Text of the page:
Whereas the older small town is perceived as traditional, simple, and slow-paced, the Interstate crossroads is efficient, modern, running 24-hours — a distinction between the general store and its single fuel pump against the city-in-itself truck stop.  These authors do not hesitate to point out how technological progress has come at a great price, and prefer to avoid the superhighways altogether.  With the entire highway system covering nearly 47,000 miles, avoiding Interstates can be difficult to achieve.  They carry traffic to, through, and near every major city in the nation and to every capital in the lower 48 states except Dover, Delaware.  Texas alone has 17 different routes comprising over 3000 miles of Interstate highway.

Urban Interstates are designed to maximize efficiency — getting the highest volume of traffic as far as possible in the shortest amount of time.  Unfortunately they seem today more like reminders of an aging infrastructure with no room to accommodate a growing traffic problem.  They have been criticized as primarily serving the middle and upper classes at the expense of the poor, of carving up once-thriving neighborhoods and displacing low-income residents, and of compromising the health of those living nearby.  Existing primarily for high-density traffic flow, there really isn’t anything notable about most urban interstates except perhaps the 21-lane wide stretch of I-5 on the north side of San Diego, or that sections of Los Angeles’ 405 carry nearly 400,000 vehicles per day.

Outside the metropolitan area, the older Federal Highway System was bound by geography, covering the contour of the land, the rise and fall and twist and bend.  For the most part, the Interstates take the shortest route possible, unbound by geographic restraints.  This can mean carving away hillsides, tunneling under mountain passes, or crossing swamps where earlier highways avoided such shortcuts, demonstrating an unwavering faith in progress and technological solutions.  In one notable example, a proposal for routing I-40 across California’s Mojave Desert, fortunately rejected, involved detonating atomic bombs to level the Bristol Mountains as part of Eisenhower’s Atoms For Peace program.  35 years after the first stretch of concrete was laid in mid-1956, the Interstate Highway System was declared “complete” (with some additions being since made or currently in progress), in what proved to be the largest construction project in human history — and at an estimated $425 billion (2006), the most expensive.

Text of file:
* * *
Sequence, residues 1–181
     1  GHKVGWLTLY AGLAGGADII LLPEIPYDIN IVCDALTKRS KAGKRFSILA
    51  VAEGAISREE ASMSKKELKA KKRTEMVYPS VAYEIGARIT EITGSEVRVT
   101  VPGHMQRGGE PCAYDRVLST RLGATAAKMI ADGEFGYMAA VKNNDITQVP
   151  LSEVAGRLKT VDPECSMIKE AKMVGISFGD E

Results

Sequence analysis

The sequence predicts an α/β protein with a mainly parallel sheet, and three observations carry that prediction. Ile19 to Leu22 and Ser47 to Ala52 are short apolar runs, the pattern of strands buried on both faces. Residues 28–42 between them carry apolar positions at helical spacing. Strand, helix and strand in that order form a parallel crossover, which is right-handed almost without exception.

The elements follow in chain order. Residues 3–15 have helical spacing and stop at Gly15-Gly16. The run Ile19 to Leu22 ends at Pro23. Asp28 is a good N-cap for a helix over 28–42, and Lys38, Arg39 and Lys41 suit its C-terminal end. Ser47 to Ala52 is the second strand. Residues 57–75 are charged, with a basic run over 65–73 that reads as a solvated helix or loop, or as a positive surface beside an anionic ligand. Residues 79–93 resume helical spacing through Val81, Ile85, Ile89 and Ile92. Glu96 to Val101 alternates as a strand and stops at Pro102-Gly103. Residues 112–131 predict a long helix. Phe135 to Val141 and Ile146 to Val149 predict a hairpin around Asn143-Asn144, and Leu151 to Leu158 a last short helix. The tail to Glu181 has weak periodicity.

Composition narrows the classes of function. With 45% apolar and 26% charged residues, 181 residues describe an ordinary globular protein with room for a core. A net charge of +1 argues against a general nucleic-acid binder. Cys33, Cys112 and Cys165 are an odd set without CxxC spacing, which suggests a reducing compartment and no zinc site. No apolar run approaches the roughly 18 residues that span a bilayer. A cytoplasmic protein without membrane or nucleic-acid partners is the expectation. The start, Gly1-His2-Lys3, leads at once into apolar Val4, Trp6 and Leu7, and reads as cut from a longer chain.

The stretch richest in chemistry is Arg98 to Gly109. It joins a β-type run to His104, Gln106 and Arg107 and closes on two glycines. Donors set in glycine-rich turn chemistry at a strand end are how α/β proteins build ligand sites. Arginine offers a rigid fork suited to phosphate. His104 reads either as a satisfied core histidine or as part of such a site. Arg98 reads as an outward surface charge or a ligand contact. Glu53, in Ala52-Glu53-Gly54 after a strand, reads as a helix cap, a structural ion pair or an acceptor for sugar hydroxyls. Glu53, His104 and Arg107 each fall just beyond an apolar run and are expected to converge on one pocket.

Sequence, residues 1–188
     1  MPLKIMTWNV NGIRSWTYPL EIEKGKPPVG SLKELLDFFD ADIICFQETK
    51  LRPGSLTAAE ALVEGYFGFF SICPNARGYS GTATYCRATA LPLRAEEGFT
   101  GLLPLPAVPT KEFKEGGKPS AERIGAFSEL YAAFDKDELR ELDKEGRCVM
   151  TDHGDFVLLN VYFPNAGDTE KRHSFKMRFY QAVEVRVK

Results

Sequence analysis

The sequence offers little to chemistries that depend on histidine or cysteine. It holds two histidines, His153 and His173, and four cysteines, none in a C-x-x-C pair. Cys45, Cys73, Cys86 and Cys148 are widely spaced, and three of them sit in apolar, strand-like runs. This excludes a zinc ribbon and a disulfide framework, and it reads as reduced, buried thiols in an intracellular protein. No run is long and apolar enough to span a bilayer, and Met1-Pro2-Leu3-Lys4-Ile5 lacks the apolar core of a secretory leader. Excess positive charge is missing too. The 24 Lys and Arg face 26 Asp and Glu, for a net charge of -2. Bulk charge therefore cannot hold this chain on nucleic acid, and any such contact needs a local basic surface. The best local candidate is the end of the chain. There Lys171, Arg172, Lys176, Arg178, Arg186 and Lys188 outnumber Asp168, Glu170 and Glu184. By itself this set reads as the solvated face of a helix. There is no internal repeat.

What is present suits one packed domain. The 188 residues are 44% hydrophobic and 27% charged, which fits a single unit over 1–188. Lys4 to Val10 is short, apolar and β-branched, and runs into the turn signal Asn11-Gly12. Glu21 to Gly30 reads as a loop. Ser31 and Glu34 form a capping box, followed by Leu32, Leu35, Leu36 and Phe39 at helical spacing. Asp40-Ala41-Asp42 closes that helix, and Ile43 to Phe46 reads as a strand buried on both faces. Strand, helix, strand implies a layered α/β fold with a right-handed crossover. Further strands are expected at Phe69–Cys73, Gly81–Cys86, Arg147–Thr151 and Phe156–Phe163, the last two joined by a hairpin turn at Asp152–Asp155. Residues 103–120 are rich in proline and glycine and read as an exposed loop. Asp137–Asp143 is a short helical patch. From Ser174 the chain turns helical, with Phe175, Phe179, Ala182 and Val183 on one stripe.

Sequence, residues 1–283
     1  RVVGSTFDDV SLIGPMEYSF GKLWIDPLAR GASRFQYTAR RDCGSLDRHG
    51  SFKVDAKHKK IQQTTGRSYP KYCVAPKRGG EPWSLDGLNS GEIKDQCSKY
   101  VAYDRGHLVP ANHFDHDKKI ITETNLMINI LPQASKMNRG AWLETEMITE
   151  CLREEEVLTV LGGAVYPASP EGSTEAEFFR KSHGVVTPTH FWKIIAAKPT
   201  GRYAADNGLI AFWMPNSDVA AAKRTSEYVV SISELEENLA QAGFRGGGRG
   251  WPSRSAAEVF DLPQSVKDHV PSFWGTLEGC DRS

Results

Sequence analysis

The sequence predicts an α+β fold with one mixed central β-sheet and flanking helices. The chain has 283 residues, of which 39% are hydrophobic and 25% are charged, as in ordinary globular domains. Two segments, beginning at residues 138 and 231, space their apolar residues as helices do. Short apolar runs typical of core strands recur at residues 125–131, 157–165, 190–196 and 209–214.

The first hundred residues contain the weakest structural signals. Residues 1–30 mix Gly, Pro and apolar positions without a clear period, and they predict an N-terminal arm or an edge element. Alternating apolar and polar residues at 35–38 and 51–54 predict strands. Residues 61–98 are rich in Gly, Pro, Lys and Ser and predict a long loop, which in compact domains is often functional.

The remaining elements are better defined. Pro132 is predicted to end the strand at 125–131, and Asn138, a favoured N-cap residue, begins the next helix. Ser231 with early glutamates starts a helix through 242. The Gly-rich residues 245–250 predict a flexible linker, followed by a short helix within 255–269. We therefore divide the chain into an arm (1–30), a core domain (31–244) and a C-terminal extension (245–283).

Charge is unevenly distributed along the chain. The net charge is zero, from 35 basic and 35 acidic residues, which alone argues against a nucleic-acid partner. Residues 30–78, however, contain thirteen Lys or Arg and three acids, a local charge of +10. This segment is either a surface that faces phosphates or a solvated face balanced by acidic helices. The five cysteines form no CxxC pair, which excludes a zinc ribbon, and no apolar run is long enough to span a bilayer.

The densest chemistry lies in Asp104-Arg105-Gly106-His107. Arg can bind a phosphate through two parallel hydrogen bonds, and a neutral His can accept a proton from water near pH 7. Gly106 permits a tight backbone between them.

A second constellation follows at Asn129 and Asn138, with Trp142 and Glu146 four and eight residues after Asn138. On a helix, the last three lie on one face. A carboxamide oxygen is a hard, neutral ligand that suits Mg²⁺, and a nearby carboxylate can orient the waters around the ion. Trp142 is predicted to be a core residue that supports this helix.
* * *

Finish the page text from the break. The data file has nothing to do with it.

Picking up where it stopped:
Despite the justifiable criticism of the Interstate Highway System, it is an important part of American society.  Its construction has transformed the way Americans move, firmly entrenching long-distance continental travel from rail to highway.  And despite the claims of the authors mentioned in this post, there is plenty to see. Over the next few weeks, I will be introducing you to my favorite 5 stretches of interstate highway, which I’ve selected as being particularly scenic or notable engineering marvels.  Stay tuned for the first installment, coming soon: I-8 Alpine CA — Ocotillo CA.

2 comments on “Grad Research: Reconsidering the Interstate Highway System

  1. JHaeske says:

    Interesting post, looking for to reading the other posts you mentioned.

  2. Allison says:

    Great post! I’m excited to see your favorite highways. Thanks for all the interesting quotes!